REVIEW: Written in Bone: Hidden Stories in What We Leave Behind by Sue Black
From the author of All That Remains, a tour through the human skeleton and the secrets our bones reveal.
In her memoir All That Remains, internationally renowned forensic anthropologist and human anatomist Dame Sue Black recounted her life lived eye to eye with the Grim Reaper. During the course of it, she offered a primer on the basics of identifying human remains, plenty of insights into the fascinating processes of death, and a sober, compassionate understanding of its inescapable presence in our existence, all leavened with her wicked sense of humor.
In her new book, Sue Black builds on the first, taking us on a guided tour of the human skeleton and explaining how each person’s life history is revealed in their bones, which she calls “the last sentinels of our mortal life to bear witness to the way we lived it.” Her narrative follows the skeleton from the top of the skull to the small bones in the foot. Each step of the journey includes an explanation of the biology—how the bone is formed in a person’s development, how it changes as we age, the secrets it may hold—and is illustrated with anecdotes from the author’s career helping solve crimes and identifying human remains, whether recent or historical. Written in Bone is full of entertaining stories that read like scenes from a true-life CSI drama, infused with humor and no-nonsense practicality about the realities of corpses and death.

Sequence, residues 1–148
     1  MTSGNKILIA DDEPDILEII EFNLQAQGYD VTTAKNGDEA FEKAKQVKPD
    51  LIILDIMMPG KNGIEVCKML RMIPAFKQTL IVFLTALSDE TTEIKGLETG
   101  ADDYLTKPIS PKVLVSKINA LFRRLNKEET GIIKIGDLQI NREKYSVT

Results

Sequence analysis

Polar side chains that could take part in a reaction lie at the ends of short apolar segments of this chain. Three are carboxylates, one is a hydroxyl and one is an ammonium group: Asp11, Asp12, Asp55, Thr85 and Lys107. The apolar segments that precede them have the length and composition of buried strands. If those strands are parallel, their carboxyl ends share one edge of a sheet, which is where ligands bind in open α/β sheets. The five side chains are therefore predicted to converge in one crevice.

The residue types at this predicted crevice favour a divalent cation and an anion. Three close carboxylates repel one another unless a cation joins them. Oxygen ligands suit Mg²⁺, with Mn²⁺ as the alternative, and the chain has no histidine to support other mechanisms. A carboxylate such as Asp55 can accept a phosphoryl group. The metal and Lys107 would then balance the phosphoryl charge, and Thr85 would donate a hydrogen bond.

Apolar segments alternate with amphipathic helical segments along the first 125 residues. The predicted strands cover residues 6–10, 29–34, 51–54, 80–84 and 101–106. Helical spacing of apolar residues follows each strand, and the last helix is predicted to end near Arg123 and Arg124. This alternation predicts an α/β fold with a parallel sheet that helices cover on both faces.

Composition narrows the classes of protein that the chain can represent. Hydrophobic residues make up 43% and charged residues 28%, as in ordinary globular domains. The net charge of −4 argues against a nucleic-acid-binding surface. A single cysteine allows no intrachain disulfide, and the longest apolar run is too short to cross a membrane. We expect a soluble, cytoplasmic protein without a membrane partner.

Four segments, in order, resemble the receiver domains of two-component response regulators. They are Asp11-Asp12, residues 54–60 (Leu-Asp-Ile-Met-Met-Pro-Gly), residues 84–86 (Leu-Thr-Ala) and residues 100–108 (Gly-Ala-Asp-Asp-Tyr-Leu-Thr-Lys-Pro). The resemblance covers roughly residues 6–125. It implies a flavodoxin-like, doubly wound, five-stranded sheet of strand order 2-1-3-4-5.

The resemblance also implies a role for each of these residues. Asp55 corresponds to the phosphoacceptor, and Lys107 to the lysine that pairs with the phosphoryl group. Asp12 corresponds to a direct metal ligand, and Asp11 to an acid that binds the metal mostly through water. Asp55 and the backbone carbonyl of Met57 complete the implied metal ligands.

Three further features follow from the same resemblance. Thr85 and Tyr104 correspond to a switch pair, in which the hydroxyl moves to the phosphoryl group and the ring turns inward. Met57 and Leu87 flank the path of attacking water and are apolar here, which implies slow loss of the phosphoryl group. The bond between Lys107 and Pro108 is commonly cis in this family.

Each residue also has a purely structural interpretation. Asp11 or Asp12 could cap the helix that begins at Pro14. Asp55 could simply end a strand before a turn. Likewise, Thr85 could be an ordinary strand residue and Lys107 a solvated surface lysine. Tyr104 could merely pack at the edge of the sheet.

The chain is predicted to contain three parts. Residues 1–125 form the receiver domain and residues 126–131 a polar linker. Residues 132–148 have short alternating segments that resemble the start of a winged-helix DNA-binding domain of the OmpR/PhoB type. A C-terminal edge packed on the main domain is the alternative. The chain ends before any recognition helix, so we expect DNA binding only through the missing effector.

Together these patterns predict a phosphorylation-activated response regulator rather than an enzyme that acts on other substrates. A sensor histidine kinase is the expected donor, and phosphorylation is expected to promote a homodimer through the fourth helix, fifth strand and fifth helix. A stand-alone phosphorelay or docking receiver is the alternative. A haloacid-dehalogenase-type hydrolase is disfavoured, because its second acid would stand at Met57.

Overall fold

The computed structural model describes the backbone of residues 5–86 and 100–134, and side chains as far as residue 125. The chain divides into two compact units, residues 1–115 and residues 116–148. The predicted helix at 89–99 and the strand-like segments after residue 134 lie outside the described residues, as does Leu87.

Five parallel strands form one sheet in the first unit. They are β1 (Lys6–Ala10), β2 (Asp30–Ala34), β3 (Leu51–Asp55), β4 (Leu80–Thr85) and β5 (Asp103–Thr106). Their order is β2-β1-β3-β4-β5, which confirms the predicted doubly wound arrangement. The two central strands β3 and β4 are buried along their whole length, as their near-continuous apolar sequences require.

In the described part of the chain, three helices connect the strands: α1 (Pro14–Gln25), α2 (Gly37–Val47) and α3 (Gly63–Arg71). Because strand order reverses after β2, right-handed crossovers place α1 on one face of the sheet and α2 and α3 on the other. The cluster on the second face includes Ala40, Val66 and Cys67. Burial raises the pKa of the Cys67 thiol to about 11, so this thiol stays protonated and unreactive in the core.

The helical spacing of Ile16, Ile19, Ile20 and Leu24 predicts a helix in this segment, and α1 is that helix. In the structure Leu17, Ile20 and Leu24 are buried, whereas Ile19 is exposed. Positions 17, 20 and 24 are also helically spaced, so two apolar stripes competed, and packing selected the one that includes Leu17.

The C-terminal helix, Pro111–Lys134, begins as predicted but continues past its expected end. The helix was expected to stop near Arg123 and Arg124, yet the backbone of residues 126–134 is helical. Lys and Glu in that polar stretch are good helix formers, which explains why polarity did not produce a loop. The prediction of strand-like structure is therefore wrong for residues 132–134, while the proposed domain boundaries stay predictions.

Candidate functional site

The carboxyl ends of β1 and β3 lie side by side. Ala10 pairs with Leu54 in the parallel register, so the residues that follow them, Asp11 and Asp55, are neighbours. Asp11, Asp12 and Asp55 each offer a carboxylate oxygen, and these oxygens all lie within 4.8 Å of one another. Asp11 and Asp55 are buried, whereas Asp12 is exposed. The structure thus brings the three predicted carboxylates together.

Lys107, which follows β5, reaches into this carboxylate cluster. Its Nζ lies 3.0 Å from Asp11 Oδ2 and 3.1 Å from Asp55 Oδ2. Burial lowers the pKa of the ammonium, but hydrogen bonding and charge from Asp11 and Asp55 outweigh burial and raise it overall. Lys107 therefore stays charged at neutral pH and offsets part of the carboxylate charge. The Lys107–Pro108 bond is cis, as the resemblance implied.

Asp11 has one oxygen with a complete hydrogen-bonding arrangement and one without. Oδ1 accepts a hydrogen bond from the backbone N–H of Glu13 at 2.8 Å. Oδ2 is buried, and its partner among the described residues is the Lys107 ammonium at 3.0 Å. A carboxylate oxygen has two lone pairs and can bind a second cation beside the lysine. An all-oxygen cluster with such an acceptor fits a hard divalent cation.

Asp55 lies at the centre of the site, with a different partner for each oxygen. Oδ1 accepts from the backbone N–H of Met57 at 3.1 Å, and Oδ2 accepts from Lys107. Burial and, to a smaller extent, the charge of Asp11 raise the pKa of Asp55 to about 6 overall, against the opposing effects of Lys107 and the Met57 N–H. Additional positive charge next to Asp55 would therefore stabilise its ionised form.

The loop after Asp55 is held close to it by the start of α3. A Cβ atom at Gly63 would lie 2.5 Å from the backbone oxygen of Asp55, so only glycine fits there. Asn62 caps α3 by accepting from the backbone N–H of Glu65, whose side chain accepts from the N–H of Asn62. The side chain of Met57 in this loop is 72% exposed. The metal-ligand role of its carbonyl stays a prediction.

TW/CW – child abuse, child sexual abuse, rape, torture, graphic descriptions of human bodies
I’m not going to add much to what the blurb (accurately) details will be in this book. Black starts at the top of the human skeleton and works her way down, describing how bones form, change as we age, and then includes (edited) details from some of her past investigations on behalf of the police and others trying to solve crimes. It’s a fascinating, down to earth depiction of the human skeleton and how our lives can be shown from our bones. The cases she includes are also interesting and real life examples of how this detailed knowledge can help ensure justice – both for getting who dunnit as well as clearing who didn’t.
I would strongly urge readers to be aware that many of these cases will be disturbing to read about. There were times I needed to take a break and go look at something soothing and peaceful. My admiration for those who spend their professional lives viewing what humanity can do to other humanity then trying to right these wrongs has gone up even more after reading this book. B